Fantastic photograph. Tram 354 is a snowplough - which is why it is out in that weather. I wonder if it has fallen foul of the snow or the pointwork - this junction wasn't used a great deal. It was originally single deck car 46, built in 1899, and converted to a snowplough in 1921. It survived until 1960 and is now at Crich, restored to it's original condition. http://www.tramway.co.uk/images/Tram%20Fleet/46.jpg

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Fantastic photograph. Tram 354 is a snowplough - which is why it is out in that weather. I wonder if it has fallen foul of the snow or the pointwork - this junction wasn't used a great deal. It was originally single deck car 46, built in 1899, and converted to a snowplough in 1921. It survived until 1960 and is now at Crich, restored to it's original condition.

Thank you for explaining MA,

the tram being a snowplough had never crossed my mind.

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I don't think Rotherham ever operated trolleybuses beyond Templeborough, although the trailing metal "skate" for use as a return was often used in areas where both trams and trolleybuses ran. It is possible that trials using this method took place, but I have never read of any regular use fo trolleybuses on the route to Sheffield.

Probably was just to Templeborough then.

Seem to remember it was the "skate" they used for the return. Must have been interesting if this ever derailed as it would leave the skate connected directly to the overhead live, and at ground level where it could come into contact with things / people, although I suppose it could easily be isolated just by the driver switching off current to the motor.

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Probably was just to Templeborough then.

Seem to remember it was the "skate" they used for the return. Must have been interesting if this ever derailed as it would leave the skate connected directly to the overhead live, and at ground level where it could come into contact with things / people, although I suppose it could easily be isolated just by the driver switching off current to the motor.

I think the trailing skate was only ever used for trial purposes such as demonstrating the benefits of trolleybuses to sceptical transport committees, or fior testing new trolleybuses arrived in a town before the twin wire overhead was installed or completed. Even in those days regular operation with the skate would be a definite no-no.

Rotherham installed trolleybus wiring to Templeborough in 1940 so through routes could be run to and from Rotherham suburbs to the steel works. I don't seem to be able to pin down the date that the trolleybuses to Templeborough finished, however.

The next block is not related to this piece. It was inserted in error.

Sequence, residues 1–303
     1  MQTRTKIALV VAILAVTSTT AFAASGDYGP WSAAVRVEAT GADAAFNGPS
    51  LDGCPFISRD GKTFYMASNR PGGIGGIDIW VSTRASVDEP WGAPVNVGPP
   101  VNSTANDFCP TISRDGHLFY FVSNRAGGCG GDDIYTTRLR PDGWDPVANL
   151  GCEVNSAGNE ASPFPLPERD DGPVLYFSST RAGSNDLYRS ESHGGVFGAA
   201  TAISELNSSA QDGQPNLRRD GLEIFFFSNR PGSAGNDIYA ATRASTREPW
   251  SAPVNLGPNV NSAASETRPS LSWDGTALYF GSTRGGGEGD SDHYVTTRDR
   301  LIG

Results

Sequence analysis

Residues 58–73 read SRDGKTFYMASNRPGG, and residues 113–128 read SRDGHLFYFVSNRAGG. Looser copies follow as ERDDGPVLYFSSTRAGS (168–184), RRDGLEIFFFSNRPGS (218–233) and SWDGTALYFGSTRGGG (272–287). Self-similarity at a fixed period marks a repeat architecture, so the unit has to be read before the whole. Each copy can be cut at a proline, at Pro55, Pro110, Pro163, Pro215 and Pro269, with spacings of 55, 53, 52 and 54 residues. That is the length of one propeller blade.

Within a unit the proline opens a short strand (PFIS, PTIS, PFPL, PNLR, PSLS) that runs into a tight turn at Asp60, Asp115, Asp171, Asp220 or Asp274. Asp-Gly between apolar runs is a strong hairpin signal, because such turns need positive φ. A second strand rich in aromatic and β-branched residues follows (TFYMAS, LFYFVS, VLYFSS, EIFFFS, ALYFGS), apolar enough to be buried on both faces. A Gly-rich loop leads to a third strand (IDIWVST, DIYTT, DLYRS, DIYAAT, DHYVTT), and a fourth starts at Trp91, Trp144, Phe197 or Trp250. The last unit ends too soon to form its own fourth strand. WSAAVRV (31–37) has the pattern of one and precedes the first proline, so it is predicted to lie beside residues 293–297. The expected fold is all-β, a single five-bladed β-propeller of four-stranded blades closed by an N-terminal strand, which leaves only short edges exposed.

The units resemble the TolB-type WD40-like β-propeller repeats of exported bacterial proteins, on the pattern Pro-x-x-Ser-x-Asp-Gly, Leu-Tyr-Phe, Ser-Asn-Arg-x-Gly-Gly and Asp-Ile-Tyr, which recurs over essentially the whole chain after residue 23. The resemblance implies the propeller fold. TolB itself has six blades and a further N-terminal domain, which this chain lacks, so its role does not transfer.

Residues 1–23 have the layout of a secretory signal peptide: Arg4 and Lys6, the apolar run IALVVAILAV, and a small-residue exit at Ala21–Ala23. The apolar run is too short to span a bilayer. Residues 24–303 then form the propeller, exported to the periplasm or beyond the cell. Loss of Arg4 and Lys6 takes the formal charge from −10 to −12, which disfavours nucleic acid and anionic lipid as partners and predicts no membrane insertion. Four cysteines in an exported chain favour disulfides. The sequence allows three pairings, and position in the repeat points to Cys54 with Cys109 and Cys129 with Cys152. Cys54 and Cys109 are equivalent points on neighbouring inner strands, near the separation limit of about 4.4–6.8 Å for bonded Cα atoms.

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I think the trailing skate was only ever used for trial purposes such as demonstrating the benefits of trolleybuses to sceptical transport committees, or fior testing new trolleybuses arrived in a town before the twin wire overhead was installed or completed. Even in those days regular operation with the skate would be a definite no-no.

Health and Safety Nazis would have a field day lol

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Where this one?

This one has me puzzzled: tight right hand turn on a falling gradient with a road going striahgt on. If I am seeing it correctly, the stop sign says "Cars to City stop here", but I can think of nowhere with this particular combination. My initial thought was somewhere on the Crookes route, but nothing matches (as far as i can tell), or Handsworth (junction of Richmond Road), but looking at the maps I don't think the road layout is quite right. More searching required, obviously.

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This one has me puzzzled: tight right hand turn on a falling gradient with a road going striahgt on. If I am seeing it correctly, the stop sign says "Cars to City stop here", but I can think of nowhere with this particular combination. My initial thought was somewhere on the Crookes route, but nothing matches (as far as i can tell), or Handsworth (junction of Richmond Road), but looking at the maps I don't think the road layout is quite right. More searching required, obviously.

Barking up the wrong tree, perhaps.

I now think it is Western Bank, looking towards the City. The road heading straight on down the hill is Brook Hill, the tram is about to turn into Hounsfield Road. The single storey buildings in the background and the building on the corner look the same as those seen here:

Top of Hounsfield Road 1

Top of Hounsfield Road 2

Edited by madannie77
fixed broken Picture Sheffield links

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Barking up the wrong tree, perhaps.

I now think it is Western Bank, looking towards the City. The road heading straight on down the hill is Brook Hill, the tram is about to turn into Hounsfield Road. The single storey buildings in the background and the building on the corner look the same as those seen here:

http://www.picturesheffield.com/jpgh/s13838.jpg

http://www.picturesheffield.com/jpgh/y01251.jpg

That looks right, its the same location again that is confusing me

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That looks right, its the same location again that is confusing me

What was confusing me was not being able to see the tram tracks which went along Winter Street - off to the left in this picture, so I was not lokoing for a junction. I have never seen a tram photo taken from this viewpoint before, which didn't help.

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Top of Hounsfield Road, with Western Bank and the line to Broomhill and Crookes going off to the left, lots of trams on the Walkley route and a man who looks like a pointsman walking back to his little shelter. Doesn't look like this anymore!

A bit like 20 questions

Am I right in thinking this will Western Bank just before the Winter St Hounsfield Rd junction

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A bit like 20 questions

Am I right in thinking this will Western Bank just before the Winter St Hounsfield Rd junction

I can't imagine it is anywhere else, this time looking up Western Bank from the Hounsfield Road junction, as you say.

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I can't imagine it is anywhere else, this time looking up Western Bank from the Hounsfield Road junction, as you say.

The buildings behind the tram look quite smart, a pity they were demolished